worked on during official conference discussions and
meetings are the only legitimate ones for participants to
consider.
(3) Resource person involvement -- Facilitators, action
researchers, and other resource persons carry out their
work only during official conference activities. Such
activities as "off-the-record" consultation are off limits.
(4) Focusing on identified issues -- Work during a conference
must focus only on the issues identified for work by the
participants.
Following these discussion guidelines helped create a climate
and norms that supported broad, deep exploration of issues.
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Developing the Summa Plant -
Enso Publication Papers OY Ltd.
The Summa Plant employs about 650 employees and produces
approximately 400,000 tons of paper per year for the publishing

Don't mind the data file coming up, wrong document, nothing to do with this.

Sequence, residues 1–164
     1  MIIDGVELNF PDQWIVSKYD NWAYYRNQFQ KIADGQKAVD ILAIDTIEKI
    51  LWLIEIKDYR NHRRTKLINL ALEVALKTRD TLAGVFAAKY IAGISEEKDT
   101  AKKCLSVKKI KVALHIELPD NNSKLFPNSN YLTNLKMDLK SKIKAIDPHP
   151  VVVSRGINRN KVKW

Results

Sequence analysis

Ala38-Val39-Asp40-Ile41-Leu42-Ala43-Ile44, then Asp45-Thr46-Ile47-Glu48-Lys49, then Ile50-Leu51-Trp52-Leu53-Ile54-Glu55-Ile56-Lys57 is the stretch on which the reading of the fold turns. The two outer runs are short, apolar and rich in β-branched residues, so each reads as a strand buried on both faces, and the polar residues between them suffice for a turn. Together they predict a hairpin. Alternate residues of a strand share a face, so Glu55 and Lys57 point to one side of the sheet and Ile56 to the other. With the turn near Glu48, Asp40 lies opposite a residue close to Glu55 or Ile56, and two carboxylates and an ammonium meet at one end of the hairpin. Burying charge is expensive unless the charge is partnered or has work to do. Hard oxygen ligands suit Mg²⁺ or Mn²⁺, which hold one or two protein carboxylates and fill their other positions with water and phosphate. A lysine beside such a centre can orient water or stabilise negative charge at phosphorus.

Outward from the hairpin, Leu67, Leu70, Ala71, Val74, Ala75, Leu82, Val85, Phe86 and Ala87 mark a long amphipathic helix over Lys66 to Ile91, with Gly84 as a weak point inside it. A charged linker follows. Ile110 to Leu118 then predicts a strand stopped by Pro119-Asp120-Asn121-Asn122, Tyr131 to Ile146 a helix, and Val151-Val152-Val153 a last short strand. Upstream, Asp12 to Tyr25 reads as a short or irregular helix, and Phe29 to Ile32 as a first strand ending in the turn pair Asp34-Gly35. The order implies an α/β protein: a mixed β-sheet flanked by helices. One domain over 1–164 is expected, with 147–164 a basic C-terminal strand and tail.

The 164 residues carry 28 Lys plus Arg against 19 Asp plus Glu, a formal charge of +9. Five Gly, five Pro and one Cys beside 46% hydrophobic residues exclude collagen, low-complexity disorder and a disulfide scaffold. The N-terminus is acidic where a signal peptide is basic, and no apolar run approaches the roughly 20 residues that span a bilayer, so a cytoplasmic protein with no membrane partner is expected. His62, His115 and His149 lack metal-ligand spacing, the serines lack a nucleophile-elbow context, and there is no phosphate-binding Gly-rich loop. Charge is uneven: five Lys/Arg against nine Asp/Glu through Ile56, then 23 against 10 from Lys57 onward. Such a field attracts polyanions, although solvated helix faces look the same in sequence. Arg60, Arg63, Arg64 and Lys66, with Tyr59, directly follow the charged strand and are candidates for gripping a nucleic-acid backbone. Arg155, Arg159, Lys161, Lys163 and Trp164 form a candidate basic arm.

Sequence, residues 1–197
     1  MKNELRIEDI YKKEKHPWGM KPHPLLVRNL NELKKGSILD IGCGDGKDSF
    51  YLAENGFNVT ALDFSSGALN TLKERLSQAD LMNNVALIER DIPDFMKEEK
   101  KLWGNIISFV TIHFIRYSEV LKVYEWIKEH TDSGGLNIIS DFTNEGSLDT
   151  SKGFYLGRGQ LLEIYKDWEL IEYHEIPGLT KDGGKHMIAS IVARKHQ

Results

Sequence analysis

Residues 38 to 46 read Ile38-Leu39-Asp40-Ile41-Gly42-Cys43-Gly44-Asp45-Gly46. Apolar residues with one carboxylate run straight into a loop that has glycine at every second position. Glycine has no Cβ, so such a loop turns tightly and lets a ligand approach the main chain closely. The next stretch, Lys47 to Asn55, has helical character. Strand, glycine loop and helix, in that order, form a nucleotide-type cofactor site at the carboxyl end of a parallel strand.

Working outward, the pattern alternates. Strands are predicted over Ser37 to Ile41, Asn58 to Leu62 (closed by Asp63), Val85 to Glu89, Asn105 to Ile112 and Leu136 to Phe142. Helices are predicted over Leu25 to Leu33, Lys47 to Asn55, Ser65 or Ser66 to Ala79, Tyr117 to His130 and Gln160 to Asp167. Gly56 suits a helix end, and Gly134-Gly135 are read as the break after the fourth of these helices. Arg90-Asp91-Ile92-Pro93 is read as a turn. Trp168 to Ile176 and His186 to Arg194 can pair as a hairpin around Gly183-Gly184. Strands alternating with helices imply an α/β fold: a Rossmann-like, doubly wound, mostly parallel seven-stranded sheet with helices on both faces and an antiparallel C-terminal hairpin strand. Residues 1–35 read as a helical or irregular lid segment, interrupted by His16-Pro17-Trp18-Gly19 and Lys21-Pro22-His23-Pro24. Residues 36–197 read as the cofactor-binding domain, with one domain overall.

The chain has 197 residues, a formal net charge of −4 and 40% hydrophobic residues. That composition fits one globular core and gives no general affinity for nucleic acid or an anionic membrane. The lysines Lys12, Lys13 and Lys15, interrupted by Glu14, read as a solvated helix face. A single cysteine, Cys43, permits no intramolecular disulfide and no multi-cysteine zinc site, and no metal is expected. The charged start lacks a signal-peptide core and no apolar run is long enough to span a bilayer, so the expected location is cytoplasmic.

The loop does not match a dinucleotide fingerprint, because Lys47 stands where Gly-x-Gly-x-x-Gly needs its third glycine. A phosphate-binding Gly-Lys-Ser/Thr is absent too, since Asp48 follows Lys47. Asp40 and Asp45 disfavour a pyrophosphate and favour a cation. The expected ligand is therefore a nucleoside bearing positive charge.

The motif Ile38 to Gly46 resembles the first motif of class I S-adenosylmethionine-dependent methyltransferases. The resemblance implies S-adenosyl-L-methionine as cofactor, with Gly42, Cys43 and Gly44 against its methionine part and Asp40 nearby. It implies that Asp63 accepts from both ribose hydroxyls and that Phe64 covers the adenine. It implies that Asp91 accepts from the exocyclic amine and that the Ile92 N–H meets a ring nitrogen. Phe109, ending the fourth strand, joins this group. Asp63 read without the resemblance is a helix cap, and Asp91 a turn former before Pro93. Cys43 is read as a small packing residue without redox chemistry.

industry. Most of the product (80 %) is exported. Profitable years
of the 1970s became reversed in the early '80s due to international
overcapacity. The numerous strikes that took place at the plant
during the 1970s and early 1980s posed another serious threat to
the plant.
The local union and management began to explore ways of
working together to improve their relationship and increase overall
plant effectiveness and the quality of employees' working lives in
the mid-80s. Recent organization development work built upon
experience and learnings from earlier activities. And, the 1988
joint paper industry conference described in the previous section
served as a catalyst for the latest phase of development.
Identifiable stages of development at the plant over the past
few years include:
1985 - Quality management project - Educating employees